Monday, 15 August 2011

Mum's 80th: defying ageist expectations



My Mum's just celebrated 80 years on the planet.

Nobody can ever quite believe she's 80. She's never adopted a one-size-fits-all blue rinse. She's never decided it's time to talk down to anybody younger than her, or say "In my day..." as if she's already turned up her toes.

She thinks young. She's full of gentleness and wisdom that has won her friends of all ages all her life.


So it's no affectation that she genuinely listens and tries to learn from every new situation, idea, sound and development in the world around her. She has a real taste for adventure, mixed with a healthy dose of circumspection, too, and has been up in a helicopter and the back of a Harley Davidson in her 70s.

In fact, to go on a motorbike again, the chosen mode of transport for her and my dad when I was a child, was one of her dearest wishes. A friend from her church fulfilled that dream for her, lending her his wife's helmet and leathers. She went speeding along with the wind in her hair and rolled back the years with her delight. This was an exhilarating joy she enthusiastically embraced and enjoyed with every fibre of her being.


She chooses to be herself, not to play at being elderly.


A few years ago, in 2004 when They Might Be Giants played the Leeds Irish Centre, she was there in the mosh pit at my side, vying to stay close enough to keep our place near John Linnell's keyboard and see his every facial expression and catch his every word. What fun we had that night. Mum not trailing along as a passenger, but just another happy fan in the audience.


So it's no surprise. When their long-awaited latest album 'Join Us' finally hit my iPod last month, Mum has been eager to learn the words, enjoy the lyrics and sing along to the irresistible tunes. She also eagerly devours news of the Johns from interviews and appearances, such as reach us via the web here in Yorkshire.

'They' are one of those bands who have no cut off age at either end of the demographic, from toddlers to seniors, but Mum's tastes also embrace many other bands, as well as classical and folk. We share so much! She reads and keeps abreast of current affairs and strives to understand enough about new technologies not to be uninformed and pushed into ignorance which might stop her getting alongside those of different generations.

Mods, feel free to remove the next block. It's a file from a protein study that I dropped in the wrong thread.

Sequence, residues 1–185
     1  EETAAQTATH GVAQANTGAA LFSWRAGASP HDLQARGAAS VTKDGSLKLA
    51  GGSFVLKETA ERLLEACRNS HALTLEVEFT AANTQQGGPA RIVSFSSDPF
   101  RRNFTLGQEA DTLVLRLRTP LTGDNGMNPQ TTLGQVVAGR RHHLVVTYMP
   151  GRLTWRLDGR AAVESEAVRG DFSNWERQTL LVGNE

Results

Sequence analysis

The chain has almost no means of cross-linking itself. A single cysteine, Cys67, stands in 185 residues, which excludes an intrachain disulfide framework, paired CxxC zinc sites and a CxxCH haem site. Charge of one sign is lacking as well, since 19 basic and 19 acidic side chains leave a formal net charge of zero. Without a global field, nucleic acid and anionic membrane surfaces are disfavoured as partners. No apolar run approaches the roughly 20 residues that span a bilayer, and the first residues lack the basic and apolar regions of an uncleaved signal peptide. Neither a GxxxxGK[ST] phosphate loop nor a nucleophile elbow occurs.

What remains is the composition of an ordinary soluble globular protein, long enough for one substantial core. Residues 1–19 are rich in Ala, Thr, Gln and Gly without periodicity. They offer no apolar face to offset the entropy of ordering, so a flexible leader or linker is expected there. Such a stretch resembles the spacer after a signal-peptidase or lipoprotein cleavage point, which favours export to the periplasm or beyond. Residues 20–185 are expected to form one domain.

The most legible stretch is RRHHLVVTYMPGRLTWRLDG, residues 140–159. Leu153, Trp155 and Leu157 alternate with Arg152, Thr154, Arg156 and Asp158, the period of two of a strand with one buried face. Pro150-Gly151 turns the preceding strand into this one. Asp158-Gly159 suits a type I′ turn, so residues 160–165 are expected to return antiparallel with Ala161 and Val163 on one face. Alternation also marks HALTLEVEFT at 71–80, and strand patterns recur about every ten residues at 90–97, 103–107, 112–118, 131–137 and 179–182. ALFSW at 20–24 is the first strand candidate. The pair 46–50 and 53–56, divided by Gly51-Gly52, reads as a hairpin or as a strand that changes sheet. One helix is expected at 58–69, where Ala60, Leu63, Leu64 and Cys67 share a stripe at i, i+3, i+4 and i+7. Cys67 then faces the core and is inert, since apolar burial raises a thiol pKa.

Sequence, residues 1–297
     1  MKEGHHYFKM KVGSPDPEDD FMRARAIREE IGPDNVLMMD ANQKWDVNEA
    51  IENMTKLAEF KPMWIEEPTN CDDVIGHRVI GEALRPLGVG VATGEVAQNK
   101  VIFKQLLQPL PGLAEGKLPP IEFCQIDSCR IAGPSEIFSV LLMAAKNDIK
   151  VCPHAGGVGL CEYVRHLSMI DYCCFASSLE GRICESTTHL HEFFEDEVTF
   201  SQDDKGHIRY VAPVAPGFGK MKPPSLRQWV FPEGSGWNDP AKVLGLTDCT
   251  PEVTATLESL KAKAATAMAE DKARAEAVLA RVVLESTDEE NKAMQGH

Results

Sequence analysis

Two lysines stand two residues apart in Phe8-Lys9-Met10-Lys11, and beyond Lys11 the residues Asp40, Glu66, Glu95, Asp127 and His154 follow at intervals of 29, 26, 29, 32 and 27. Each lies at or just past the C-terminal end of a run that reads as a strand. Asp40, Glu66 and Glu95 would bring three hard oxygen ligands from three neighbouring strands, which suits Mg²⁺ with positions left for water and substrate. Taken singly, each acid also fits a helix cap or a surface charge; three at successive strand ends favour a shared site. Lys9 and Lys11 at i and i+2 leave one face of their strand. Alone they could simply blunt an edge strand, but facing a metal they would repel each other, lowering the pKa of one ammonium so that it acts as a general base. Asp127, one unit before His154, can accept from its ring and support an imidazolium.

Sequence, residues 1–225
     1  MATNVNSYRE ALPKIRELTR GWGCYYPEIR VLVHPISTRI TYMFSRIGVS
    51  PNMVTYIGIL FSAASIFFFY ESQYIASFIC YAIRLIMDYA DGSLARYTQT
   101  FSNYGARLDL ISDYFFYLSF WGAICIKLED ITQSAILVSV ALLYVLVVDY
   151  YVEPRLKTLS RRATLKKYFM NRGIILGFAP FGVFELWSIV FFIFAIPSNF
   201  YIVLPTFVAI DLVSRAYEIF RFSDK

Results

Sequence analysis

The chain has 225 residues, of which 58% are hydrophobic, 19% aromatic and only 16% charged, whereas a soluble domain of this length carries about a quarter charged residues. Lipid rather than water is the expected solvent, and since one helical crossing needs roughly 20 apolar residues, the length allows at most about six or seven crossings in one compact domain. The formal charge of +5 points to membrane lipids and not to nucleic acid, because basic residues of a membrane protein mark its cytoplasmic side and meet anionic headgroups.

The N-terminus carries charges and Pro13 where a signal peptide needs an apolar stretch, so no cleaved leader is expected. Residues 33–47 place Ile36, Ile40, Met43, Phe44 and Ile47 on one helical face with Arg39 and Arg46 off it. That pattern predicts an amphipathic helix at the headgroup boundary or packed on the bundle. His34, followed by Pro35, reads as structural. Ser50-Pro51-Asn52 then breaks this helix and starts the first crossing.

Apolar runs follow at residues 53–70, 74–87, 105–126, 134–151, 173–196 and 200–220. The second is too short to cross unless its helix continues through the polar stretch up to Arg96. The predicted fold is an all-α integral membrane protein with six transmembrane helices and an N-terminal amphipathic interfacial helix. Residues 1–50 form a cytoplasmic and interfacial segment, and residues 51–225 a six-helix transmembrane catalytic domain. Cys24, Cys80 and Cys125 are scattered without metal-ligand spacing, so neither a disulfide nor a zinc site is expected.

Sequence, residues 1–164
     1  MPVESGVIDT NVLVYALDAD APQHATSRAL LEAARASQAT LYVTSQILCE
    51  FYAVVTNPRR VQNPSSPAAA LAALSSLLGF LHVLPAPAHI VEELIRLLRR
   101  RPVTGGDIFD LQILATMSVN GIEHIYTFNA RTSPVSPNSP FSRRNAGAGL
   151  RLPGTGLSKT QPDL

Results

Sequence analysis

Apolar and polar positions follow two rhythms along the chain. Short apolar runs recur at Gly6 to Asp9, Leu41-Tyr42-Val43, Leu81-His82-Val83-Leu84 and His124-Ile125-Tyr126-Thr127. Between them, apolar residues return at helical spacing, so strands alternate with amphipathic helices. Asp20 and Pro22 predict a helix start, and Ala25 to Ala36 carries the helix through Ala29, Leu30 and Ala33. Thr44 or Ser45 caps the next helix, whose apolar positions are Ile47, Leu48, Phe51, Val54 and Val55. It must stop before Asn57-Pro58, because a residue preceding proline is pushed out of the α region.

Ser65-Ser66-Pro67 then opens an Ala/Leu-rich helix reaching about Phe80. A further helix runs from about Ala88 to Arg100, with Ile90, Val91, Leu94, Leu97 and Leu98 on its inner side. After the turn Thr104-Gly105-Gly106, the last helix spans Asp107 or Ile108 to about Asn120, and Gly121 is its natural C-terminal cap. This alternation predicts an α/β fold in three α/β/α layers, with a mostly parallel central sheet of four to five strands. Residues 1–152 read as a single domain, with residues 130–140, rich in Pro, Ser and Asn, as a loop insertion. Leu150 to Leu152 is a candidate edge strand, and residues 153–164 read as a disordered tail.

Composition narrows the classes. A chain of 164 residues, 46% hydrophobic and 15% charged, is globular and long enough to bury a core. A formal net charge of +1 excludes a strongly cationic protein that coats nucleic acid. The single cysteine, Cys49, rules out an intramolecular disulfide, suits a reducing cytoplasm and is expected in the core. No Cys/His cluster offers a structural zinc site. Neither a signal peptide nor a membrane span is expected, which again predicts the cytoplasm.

All this after 20 years spent in turmoil, when, at the height of her powers and possibilities as a young wife and mother, she had to look after my Dad after his severe stroke and tackle every job and awkward, demeaning situation thrown her way with all her usual grace and humour when inside, she was filled with panic and hidden terrors. All this, and bringing up a young child to adulthood. I was that child, and saw at first hand what a remarkable job she did, in spite of her retiring, humble and self-doubting nature, on all these fronts.


To see her flourish now, in her golden years, freed from earlier crushing duties and her own ill-health when she was my age, to discover herself, is a privilege I'm thankful for every day. Not least I'm so grateful how she is so selflessly here for me, now I too have been stopped in the midst of my career by an illness that pulled the carpet from under my running.


So how did she spend her birthday? Earlier in the week, there was a surprise tea party with her friends from her own fellowship in her home village, with much laughter and new happy memories being made. Then there were many visits, cards and flowers from those who know her well, and others who she has made friends with later in life but who love her just as well.


We had lunch at a local pub with another friend, and the topics of conversation and laughter went on, as this feisty, generous lady proved that 80 is a notch on a gatepost as you pass by, not a sticky label to fasten you into a box!

Later we listened to music (yes - of course, including TMBG!), sang and hooted with laughter, and communicated with friends and family all over the world. We ended her big day watching another of her lifetime heroes, the beautiful Gregory Peck on DVD, one of my presents to her.

Another friend knew that scented hankies and knitting patterns don't really float Mum's boat, now or at any age, so gave her a jokey knitted octopus, a leg for each decade, which she wore on her head for some photos to make her friends of all ages smile.


Happy birthday, you lovely lady, beautiful inside and out! I'm so proud to have been able to celebrate your life on your big birthday this week. Long may you go on defying ageist expectations, and radiating your wisdom, insights and love into the lives of those of us blessed enough to know you! XXXX




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